Turkish rap music through the portrait of a rebel

Traditionally, rap music rose to prominence in the African-American community as a way to protest the system.

The echoes of rebellion coming from the underground are the mere definition of a musical genre known as rap. Such insurgent voices are not just a part of a musical genre that appeals to the ears, but to the brain, as well. And rap is the fingerprint of a silent war against all inequalities.

Born in the U.S., rap music succeeded to create an impact on people of different ages all over the world. "Rap" refers to "Rhythm and Poetry" or "Rhythmic African Poetry" but today this rebellious music simply means "heavy criticism."

Due to the increasing popularity of rap music, the soul and the philosophy of the music derailed in time but today, there are still many MCs who are trying to keep the rebel soul of rap alive.

Hamza Gül, known by his stage name "Allame," is one of them. Born in 1987, Allame's first encounter with rap was at the age of nine. However, what more is there to rap? Let's go deep into the genre and shed light on it with Allame, one of the best rappers in Turkey.

"Rap is the music with plenty of rhyme that the artist can use at maximum in his ability to express. Rap music was born in the ghettos of the U.S., as a part of the hip-hop culture. Rap, is not a job, it's like a reflex that we show to life," Allame said.

It is a genre that rhyming words are adapted to the beat. For the genre, meaning behind the lyrics and style of singing are much more than music that you can play in the background. Going hard and heavily criticizing society and everything along with it is in its blood.

Hamza Gül, known by his stage name "Allame," an MC in Turkey.

As Allame said, it is a subcategory of hip-hop culture and although they are two different genres they are usually used interchangeably. Then what is the difference between hip-hop and rap?

But what is the hip-hop that we always hear next to rap, and what is the difference between the two?

"The new generation thinks hip-hop and rap music generally overlaps but they cannot be more wrong. Rap is just the most popular part of this culture. Hip-hop culture has four subcultures including rap, B-Boy/B-Girl, graffiti and DJing."

The rise of the hip-hop culture coincides with the U.S. government's racist policies against African-Americans in the 1970s. Economic inequality and unfavorable living conditions as well as police violence and hate crimes target to the African-Americans planted the seeds of the hip-hop culture in the Bronx, New York.

People living in the ghettos discovered rap music to criticize the system, to shed light to the discrimination that they are facing and the poor living conditions that the society forced upon them. And it worked.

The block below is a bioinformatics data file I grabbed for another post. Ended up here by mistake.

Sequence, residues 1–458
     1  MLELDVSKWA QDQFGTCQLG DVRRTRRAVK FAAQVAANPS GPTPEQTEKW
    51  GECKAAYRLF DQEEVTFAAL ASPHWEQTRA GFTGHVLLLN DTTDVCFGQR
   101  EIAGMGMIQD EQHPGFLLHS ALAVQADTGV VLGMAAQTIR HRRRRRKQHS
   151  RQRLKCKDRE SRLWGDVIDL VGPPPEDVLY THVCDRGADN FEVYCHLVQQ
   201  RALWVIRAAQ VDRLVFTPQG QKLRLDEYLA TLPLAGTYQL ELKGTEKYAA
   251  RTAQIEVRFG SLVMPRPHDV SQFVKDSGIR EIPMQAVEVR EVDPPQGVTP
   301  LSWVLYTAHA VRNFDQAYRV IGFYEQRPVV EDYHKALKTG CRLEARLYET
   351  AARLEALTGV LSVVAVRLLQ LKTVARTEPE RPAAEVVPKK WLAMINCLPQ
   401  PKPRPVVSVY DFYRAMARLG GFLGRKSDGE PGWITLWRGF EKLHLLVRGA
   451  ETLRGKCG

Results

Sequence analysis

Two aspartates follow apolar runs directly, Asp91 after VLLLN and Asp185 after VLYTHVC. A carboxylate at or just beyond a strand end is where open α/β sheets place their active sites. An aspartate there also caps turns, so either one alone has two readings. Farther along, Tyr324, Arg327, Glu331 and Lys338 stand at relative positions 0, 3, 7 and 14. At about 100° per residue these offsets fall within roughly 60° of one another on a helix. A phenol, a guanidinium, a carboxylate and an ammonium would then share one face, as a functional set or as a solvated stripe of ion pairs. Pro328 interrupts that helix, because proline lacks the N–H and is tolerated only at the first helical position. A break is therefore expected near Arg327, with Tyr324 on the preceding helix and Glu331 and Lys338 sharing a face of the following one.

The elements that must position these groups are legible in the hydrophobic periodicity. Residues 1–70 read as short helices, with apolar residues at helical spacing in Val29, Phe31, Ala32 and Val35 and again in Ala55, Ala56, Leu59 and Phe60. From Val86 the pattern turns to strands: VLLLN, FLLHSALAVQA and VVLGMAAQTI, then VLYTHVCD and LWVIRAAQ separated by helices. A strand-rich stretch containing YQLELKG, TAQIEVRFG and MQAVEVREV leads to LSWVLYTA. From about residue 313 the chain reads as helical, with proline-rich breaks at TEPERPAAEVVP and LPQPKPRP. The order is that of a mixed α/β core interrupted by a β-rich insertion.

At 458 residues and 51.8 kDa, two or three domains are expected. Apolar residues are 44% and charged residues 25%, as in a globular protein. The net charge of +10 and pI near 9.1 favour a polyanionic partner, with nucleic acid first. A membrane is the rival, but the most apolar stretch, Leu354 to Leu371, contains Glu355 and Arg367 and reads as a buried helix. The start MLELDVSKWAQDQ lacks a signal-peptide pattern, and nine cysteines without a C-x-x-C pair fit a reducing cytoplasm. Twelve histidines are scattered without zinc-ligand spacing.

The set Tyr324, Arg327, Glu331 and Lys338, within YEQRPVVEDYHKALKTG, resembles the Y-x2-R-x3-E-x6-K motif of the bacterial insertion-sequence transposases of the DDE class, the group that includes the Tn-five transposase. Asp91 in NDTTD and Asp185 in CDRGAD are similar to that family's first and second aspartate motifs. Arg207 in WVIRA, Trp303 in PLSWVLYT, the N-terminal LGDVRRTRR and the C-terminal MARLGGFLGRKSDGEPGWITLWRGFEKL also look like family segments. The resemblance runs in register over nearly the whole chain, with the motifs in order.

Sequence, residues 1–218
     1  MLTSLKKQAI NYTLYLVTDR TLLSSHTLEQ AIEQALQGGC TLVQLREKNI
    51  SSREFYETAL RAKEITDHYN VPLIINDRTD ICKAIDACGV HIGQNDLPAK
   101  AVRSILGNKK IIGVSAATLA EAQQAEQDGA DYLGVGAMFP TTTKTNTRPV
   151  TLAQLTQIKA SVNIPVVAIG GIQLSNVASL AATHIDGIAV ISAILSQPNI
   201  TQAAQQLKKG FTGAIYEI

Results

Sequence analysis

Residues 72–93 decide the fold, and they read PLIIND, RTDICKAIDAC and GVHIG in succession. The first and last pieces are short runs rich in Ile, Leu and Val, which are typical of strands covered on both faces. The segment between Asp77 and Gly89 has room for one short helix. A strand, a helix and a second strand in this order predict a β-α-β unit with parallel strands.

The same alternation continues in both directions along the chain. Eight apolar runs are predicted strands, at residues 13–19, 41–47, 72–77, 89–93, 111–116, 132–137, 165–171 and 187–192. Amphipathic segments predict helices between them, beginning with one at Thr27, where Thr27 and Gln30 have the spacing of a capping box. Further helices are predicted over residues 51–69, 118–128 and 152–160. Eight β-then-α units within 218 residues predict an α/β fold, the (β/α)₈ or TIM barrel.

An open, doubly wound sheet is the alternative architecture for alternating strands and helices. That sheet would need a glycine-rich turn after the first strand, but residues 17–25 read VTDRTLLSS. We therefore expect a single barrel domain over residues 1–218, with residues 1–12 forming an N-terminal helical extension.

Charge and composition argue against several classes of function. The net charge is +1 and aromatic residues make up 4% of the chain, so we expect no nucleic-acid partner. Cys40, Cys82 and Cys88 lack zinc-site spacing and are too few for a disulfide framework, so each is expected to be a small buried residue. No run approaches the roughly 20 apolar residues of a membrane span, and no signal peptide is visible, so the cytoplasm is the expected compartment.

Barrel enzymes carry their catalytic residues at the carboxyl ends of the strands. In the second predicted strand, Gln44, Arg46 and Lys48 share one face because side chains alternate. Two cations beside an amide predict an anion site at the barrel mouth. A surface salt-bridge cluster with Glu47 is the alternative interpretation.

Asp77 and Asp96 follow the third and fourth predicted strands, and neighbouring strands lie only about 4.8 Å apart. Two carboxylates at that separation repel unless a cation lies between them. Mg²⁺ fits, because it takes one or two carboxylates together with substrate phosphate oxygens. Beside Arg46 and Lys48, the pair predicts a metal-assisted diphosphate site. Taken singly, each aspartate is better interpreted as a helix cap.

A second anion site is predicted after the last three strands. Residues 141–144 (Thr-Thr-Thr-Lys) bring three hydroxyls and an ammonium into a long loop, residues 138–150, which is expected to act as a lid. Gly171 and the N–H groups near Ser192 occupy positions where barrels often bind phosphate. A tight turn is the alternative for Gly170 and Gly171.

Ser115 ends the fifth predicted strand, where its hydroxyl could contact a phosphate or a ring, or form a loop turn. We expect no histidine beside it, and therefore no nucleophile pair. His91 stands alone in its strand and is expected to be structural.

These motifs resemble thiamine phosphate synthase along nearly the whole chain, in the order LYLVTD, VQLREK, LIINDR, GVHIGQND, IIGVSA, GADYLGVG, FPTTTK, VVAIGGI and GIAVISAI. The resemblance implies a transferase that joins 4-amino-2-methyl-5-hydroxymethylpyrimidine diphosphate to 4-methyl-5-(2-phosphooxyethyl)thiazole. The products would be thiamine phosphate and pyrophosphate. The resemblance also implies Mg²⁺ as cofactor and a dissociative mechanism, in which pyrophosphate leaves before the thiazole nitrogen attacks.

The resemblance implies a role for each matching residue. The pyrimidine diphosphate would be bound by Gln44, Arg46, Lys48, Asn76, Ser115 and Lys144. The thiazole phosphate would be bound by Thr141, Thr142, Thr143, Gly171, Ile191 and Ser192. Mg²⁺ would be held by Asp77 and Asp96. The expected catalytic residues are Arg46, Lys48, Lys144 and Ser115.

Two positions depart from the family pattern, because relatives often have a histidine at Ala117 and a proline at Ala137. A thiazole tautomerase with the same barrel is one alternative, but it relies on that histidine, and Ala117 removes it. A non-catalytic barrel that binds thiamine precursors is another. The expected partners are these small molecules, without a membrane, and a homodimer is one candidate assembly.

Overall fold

In time, rap music became a way of protest against both government policies and police violence against African-Americans. The genre turned into the star of protests and hip-hop culture succeeded and the ghetto concept was born.

Day by day, rap music gained great popularity and became a means of protest for all downtrodden people, just like the Turkish immigrants living in Germany.

Before rap music found a fan base on Turkish soil, it spread like fire among Turks in Germany. The Turks who were oppressed and racially abused turned to rap music to make their voices heard. Like African-Americans, they manifested their feelings through rap music which eventually became very popular in Turkey.

The first rap song with Turkish lyrics was "Bir Yabancının Hayatı" by from King Size Terror but it was the Germany-based Turkish band Cartel that made rap music popular in Turkey in the mid-90s. The success of Cartel in Turkey paved the way for the first Turkey-based rap band Barikat.

"The first rap with Turkish lyrics that I heard was by Cartel. Thanks to Cartel, Rap became a mainstream music genre in Turkey. In time, Turkish rap evolved with rappers Ceza, Fuat and Islamic Force."

In the 2000s, rappers Sagopa Kajmer and Ceza came like a bombshell. And today Allame is holding this torch.

"I heard Cartel's songs through my elders when I was just 9 years old. Back in the day, only a handful of music genres were featured on TV and radio. In that environment, rap music was a free voice to my ears. So I found myself making rap," Allame said.

But rolling up your sleeves to make rap music in Turkey back in the day was not an easy task since it "was a new genre in Turkey so it was hard to find a place in the media as well as support. It was lonely," said Allame.

But this job is not be so easy. Allame said that he worked in very bad conditions. As the genre was a rebellious type, rapping was harder than the doing other music styles.

Among all those hardships, however, many rappers like Allame had a chance to introduce their songs to the world thanks to social media. By this means, Turkish musicians created their sector and focused to work more on the genre. After Allame gained popularity, he became a producer, designer as well as an MC.

"The wall of reality is so hard, when you crash, your nose is broken every time," he said.

But he didn't give up, and worked harder to keep rap music alive. "We worked and sung in really bad places where nobody would want to stay even for five minutes," he said. "To succeed, we had to."

Many rappers' unrequited efforts came to fruition after two years. But since social media has risen in value, Turkish rap spread its influence. So it seems that the genre will establish its caliber to the media proprietors.

Allame stressed, "After the next two years, you will see really good works. But now, the point that Turkish rap has reached is not good in a musical sense."

It is not known whether rap will win the war against the social and musical norms but one thing is for sure, it will always remain as the genre of rebellion. It was born as a fight against inequality, and hopefully it will keep going with this battle.